Mountain Bike Night Riding – get Ready

Mountain Bike Night Riding – get Ready

Mountain bike night riding – could this be for YOU?  Would this be a fun way to extend your riding season?  Find out what you need to stay safe on a dawn/dusk or night time mountain bike ride.  This is a simple guide for first time night riders so you can gain the confidence to get out there and give it a go.

Lighting up the trail - lights for mountain bike night riding

LIGHTS

A really important part of your whole night riding experience is having the right type of lights.  The more powerful the light the more expensive it will be.  A good starting set up of lights for night riding would be

  • front handlebar 2000+ lumens wide beam to illuminate the trail
  • along with a front helmet  800+ lumens to illuminate corners, changes in terrain – this light will track where your eyes look to

You want easy, flexible attachment options so you can get the lights on/off, move them when or if you need to.

Having a variety of modes so you can adjust the light according to whats happening e.g. less light to climb up hills, less light to ride through town, to the tracks.  This will increase your overall ride time.  When lights are used at full strength – as you will probably do when heading down the hill – it uses the battery power up.

Following on from this point… you need to have a fairly good idea of how long you will have light so you can plan a ride that matches to your light time.  Planning ahead if your battery needs to be charged, carrying spare batteries if this is how your light is powered.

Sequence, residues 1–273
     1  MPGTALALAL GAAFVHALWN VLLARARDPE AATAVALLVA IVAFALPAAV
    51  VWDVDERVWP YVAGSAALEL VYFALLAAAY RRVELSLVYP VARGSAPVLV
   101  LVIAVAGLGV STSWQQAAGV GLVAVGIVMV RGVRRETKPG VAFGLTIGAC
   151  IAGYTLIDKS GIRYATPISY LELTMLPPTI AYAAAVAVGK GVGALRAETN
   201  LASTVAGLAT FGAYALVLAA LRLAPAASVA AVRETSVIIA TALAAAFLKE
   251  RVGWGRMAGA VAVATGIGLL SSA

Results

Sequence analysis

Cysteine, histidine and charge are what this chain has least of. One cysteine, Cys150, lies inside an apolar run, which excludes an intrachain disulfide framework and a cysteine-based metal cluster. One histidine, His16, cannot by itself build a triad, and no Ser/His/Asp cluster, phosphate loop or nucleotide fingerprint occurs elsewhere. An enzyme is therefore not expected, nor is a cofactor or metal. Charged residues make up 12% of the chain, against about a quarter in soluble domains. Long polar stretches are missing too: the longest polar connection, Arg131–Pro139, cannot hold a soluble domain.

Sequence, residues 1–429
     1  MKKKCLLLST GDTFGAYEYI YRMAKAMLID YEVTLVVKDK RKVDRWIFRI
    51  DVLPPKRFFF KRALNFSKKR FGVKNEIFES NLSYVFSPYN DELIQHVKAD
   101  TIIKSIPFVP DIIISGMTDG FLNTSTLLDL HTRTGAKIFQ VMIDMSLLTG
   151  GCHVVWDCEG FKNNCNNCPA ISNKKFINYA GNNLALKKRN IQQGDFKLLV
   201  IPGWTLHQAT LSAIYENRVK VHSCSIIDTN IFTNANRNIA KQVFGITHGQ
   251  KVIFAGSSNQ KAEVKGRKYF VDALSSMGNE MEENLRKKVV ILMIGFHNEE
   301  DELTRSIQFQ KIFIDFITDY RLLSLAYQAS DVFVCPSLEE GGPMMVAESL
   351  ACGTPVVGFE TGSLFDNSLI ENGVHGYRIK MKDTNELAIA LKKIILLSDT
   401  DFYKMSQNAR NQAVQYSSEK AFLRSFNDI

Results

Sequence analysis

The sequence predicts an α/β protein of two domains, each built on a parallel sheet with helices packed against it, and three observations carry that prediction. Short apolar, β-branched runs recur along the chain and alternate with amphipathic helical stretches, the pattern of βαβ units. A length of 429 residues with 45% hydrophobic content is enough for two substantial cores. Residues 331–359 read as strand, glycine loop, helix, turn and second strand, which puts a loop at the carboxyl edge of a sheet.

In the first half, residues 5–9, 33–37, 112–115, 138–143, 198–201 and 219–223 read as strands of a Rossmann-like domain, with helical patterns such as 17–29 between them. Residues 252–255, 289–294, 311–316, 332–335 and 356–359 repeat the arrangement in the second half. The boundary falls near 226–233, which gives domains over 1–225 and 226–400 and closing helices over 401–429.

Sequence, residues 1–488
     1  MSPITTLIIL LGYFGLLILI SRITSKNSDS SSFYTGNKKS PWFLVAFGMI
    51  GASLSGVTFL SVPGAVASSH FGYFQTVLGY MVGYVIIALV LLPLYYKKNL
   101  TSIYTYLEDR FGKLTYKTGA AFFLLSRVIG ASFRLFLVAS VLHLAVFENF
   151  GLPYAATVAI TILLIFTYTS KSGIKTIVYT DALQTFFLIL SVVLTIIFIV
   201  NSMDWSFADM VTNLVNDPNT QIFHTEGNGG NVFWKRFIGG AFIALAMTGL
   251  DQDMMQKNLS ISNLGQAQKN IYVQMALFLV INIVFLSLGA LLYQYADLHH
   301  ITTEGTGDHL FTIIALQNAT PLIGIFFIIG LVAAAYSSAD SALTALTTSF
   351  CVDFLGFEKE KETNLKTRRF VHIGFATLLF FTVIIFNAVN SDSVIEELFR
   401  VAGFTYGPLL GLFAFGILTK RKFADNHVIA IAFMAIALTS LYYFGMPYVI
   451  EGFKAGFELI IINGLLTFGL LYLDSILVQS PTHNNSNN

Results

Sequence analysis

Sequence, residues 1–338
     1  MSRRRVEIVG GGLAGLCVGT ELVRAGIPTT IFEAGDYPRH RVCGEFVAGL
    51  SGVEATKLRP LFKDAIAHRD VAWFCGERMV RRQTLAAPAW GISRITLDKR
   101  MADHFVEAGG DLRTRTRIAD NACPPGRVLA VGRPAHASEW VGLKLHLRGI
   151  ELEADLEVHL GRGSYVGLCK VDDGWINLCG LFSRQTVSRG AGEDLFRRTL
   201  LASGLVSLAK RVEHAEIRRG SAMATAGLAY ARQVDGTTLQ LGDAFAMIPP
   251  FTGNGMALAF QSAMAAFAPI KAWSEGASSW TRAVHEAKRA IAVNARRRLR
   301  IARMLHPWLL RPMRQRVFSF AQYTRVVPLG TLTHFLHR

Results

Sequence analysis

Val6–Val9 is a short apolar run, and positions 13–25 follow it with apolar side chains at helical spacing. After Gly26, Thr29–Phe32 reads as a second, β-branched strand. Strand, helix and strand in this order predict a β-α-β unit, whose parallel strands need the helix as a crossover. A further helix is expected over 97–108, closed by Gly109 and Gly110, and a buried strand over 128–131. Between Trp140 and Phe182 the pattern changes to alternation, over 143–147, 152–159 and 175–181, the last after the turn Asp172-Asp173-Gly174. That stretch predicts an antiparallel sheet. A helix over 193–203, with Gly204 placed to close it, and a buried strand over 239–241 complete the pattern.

You will also need a rear light preferably set on a steady mode so your friends can judge how far in front of them you are (flashing lights attract attention but can be hard for distance estimating).

For more on LIGHTS see The ‘Right’ Lights for Mountain Biking at Night
Enduro Mountain Bike Lights - 5000lumen.goRide

Small compact lights are a good option

Olympia helmet mount gemini bike light goRide

Helmet lights should be lightweight & easy to attach

night riding photo.goRide

Rear light on steady beam

CONTROLLING YOUR TEMPERATURE

Go easy on layers when heading up – try not to sweat too much.  Avoid wearing a bag that will trap moisture if possible – basically try not to make your clothing damp or wet as this will make you cold when you head into the fun downhill part of your ride.

Try to add warmth to places that suffer in colder conditions  – fingers/toes/neck/head.  These additions are a great way for you to feel protected and we would recommend thermal fabrics or merino.

Take or wear a jacket that will block cold airflow.  The air around you will not be warm, in winter at night time, in New Zealand.

winter warm combo

Add warmth to your extremities

Lightweight packable bike jacket. front orange. goRide

MTB jackets block air flow to keep you warm

SAFETY

Tell someone where you are going

Know what the weather is supposed to be doing – you can’t see any changes in the weather at night time or in limited visibility.